A Gen2 Formula E car of team Envision Virgin Racing
Riyadh – Saturday, December 1st, 2018: In just over two weeks, the beginning of the fifth season of Formula E is marked by the inaugural SAUDIA Ad Diriyah E-Prix, and sees the Gen1 Formula E car of the first four seasons replaced with the new Gen2 car. The Gen2 cars are faster, more powerful and more advanced than their predecessors, and will make this season a landmark in the history of the world’s fastest-growing motorsport series.
All cars share a common chassis and aerodynamic package. This was designed by French firm Spark and built in collaboration with the prolific constructor Dallara, which has built everything from its own Formula 1 cars and junior racing chassis to the all-conquering series of cars from Audi that conquered the le Mans 24 Hours from 2000-2014.
Consumable items like the wheels and tyres are also from one supplier in order to help limit costs and minimise the performance gap between teams. New for the 2018-19 season is the battery, which is an all-new unit provided by McLaren Advanced Technologies. The new battery not only produces more power – boosting output and speed – but also endurance.
The first-generation Formula E cars could complete 12-17 laps of a circuit (depending on length) on a single charge before drivers were forced to pit and switch to a second fully-charged car to complete the race. They would also reach a maximum speed of 137 mph (220 km/h). In comparison the new generation of cars will complete a full 45-minute race distance on a single charge and reach 176 mph (283 km/h).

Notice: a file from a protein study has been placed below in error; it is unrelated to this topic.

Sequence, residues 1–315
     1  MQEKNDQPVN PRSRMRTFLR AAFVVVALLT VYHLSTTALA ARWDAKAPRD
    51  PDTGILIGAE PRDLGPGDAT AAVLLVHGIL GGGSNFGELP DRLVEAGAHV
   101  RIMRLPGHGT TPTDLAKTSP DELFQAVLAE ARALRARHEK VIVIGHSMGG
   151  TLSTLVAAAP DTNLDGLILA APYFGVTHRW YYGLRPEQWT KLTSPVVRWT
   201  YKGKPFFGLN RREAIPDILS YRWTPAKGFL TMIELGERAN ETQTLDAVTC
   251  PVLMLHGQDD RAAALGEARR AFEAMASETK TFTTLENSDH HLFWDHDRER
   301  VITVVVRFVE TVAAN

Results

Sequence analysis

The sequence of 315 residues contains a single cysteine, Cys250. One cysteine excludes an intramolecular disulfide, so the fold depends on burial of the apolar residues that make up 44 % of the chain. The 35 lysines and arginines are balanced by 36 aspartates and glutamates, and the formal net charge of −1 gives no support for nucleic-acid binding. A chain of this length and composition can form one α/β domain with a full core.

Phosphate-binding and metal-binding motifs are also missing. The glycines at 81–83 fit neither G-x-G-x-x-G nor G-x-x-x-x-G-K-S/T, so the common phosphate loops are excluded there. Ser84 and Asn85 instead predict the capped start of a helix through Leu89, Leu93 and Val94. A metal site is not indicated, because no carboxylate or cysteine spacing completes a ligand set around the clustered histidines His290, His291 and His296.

The new cars will speed through the 21 turns of a 2495 metre long track through historic UNESCO World Heritage Site Ad Diriyah on the outskirts of Saudi Arabia’s capital Riyadh. The available power from the batteries can be set to different power modes, including the “Fanboost” feature, where drivers can be awarded a short burst in power by popular vote of fans through social media. In maximum power mode the Gen2 car delivers 335 bhp, up a whole 67 bhp from the Gen1.
The cars have a sleek rear end, with two massive venturi tunnels
To handle the power, teams use a variety of gearboxes, as this part of the drivetrain has been deregulated since the first season where all teams used similar transmissions. Most of the teams use a one-gear distribution, meaning that they spend less time changing gears. There are, however, a minority of teams which still race with both two and three speed gearboxes. There are also other deregulated factors in Gen2 Formula E, such as brake disc design and suspension layout.
The series has balanced the wish to create rules that push electric vehicle technology and tailor regulations to ensure that the series is exciting. This has led to much discussion about tyres. Just like in Formula 1, tyres are a very important part of both team strategy and spectator excitement. With a softer tyre, the car has more grip, but the tyre wears out faster, so the driver needs to manage driving style accordingly. This season, the Gen2 cars will run on bespoke 18-inch Michelin Pilot Sport tyres, which will be used in both wet and dry conditions.